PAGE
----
Born in Bradford attracts new international talent
Prof John Wright (Born in Bradford), Noortje Uphoff, Dr Peter Corry and Prof Trevor Sheldon (York University)
Born in Bradford (BiB) is continuing to attract worldwide talent to the city after the appointment of the first Hall Dorman research fellow.
Noortje Uphoff, a PhD student from Holland, was working in Ecuador when she applied for the new post and will now spend the next three years examining the health of the BiB children.
She added: “In South America I was looking at respiratory problems in children living in urban and rural areas whereas in Bradford I’ll be looking at the difference in children’s health in one city and seeing what impacts the different ethnic backgrounds might have for their wellbeing.
“Bradford is one of the most interesting places in Europe for a health researcher to work because of its diverse communities and the data that is being collected by BiB.
“I’ll be examining the likes of social support and cohesion, cultural factors, family and neighbourhood networks, as well as comparing and contrasting the different health and education outcomes for the children.”
A key element of Noortje’s research will be to investigate the theory that neighbourhoods with more ethnic minorities - despite being poorer - can have a more beneficial impact on children’s health due to the presence of increased family support or better social support from the neighbourhood.
The new fellowship has been made possible thanks to a charitable bequest from a relative of local paediatrician and expert in rare diseases, Peter Corry.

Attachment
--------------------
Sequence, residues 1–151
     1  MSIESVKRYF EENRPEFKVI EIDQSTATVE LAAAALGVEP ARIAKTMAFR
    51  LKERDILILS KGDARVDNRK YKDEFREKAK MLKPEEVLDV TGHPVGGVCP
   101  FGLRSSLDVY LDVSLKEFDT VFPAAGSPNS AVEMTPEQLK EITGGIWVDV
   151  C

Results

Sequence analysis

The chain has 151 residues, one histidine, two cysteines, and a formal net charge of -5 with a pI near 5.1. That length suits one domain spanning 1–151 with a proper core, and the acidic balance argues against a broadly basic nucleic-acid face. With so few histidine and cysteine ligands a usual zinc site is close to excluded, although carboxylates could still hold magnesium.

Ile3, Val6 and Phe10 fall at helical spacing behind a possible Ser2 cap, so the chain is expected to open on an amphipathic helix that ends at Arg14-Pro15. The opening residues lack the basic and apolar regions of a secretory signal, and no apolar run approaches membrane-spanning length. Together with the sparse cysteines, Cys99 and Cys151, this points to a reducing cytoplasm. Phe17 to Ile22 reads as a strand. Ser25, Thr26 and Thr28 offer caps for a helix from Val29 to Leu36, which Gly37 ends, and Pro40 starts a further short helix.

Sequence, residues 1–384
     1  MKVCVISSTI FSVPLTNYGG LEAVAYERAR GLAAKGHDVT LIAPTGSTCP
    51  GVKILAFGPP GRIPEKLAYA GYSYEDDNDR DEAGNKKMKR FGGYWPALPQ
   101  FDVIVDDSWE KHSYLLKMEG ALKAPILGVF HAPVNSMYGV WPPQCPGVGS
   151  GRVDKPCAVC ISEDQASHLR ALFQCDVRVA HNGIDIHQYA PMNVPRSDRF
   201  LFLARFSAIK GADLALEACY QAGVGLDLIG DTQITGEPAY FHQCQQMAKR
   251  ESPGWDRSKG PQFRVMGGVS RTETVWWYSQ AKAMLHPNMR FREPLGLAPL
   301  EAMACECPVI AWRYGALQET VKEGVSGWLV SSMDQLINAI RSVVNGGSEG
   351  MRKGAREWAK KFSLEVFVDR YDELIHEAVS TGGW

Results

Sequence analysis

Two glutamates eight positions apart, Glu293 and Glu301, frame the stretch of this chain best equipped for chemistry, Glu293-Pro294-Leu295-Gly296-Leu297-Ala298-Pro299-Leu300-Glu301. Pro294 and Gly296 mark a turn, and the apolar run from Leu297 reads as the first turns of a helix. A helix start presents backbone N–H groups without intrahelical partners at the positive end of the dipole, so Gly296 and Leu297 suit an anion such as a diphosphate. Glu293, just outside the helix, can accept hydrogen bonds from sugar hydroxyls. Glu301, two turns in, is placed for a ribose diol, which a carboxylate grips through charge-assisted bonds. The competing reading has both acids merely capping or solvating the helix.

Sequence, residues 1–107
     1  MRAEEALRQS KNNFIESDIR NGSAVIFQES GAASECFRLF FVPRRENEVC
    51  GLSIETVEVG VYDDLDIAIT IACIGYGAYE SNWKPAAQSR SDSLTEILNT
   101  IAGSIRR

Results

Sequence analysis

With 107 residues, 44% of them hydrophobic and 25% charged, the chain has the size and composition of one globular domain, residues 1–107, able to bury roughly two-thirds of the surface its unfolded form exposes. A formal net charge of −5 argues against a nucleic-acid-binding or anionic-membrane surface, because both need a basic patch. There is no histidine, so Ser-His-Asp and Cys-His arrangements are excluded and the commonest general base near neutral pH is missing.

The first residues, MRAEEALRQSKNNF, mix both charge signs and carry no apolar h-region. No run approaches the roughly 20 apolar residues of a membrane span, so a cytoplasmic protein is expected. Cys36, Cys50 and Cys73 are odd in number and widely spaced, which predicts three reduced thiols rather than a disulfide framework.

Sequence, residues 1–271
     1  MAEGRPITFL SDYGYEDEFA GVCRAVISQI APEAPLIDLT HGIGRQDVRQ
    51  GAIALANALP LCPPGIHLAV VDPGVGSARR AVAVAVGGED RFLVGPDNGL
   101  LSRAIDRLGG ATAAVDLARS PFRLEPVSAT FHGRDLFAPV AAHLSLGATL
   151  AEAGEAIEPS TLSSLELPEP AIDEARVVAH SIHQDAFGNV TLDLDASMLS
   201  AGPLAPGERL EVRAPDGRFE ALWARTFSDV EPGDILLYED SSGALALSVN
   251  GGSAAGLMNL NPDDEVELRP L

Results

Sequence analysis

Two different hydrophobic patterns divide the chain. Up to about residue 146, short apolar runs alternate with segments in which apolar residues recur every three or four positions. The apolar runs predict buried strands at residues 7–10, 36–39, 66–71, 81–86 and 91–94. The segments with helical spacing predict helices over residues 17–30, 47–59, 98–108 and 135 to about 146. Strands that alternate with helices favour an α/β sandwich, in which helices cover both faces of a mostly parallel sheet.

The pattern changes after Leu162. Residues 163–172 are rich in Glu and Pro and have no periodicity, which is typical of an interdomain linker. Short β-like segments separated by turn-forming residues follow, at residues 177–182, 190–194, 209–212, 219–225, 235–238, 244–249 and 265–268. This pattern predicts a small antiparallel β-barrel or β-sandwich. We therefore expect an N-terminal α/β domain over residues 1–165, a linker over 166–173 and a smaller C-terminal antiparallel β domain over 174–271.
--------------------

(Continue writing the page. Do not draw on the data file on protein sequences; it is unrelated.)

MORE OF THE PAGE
Dr Corry, an Ulsterman who recently retired from Bradford Teaching Hospitals after 25 years, explained: “My uncle, Hall Dorman, was a solicitor in Belfast who died in 2010 aged 99. He always took a keen interest in my work with children here in Bradford so it seems fitting that the money that he gifted should be put towards the great work going on here at Born in Bradford.”
Professor John Wright, director of the Bradford Institute for Health Research which oversees the BiB project said he was delighted to welcome Noortje to Bradford.
He continued: “One of the aims of the Born in Bradford study is to attract the best brains in the world to come to the city to work on exciting new medical research. The Hall Dorman fellowships are a major step to ensuring that we achieve this aim. We are hugely grateful to Dr Peter Corry and the Dorman family for their generosity and vision in providing the funding to make this happen.”
Noortje will be based between the BiB offices at Temple Bank House, which are situated within the grounds of the Bradford Royal Infirmary, and the University of York where she will study for her doctorate under Professor Kate Pickett.
A second Hall Dorman fellow will be appointed later this year.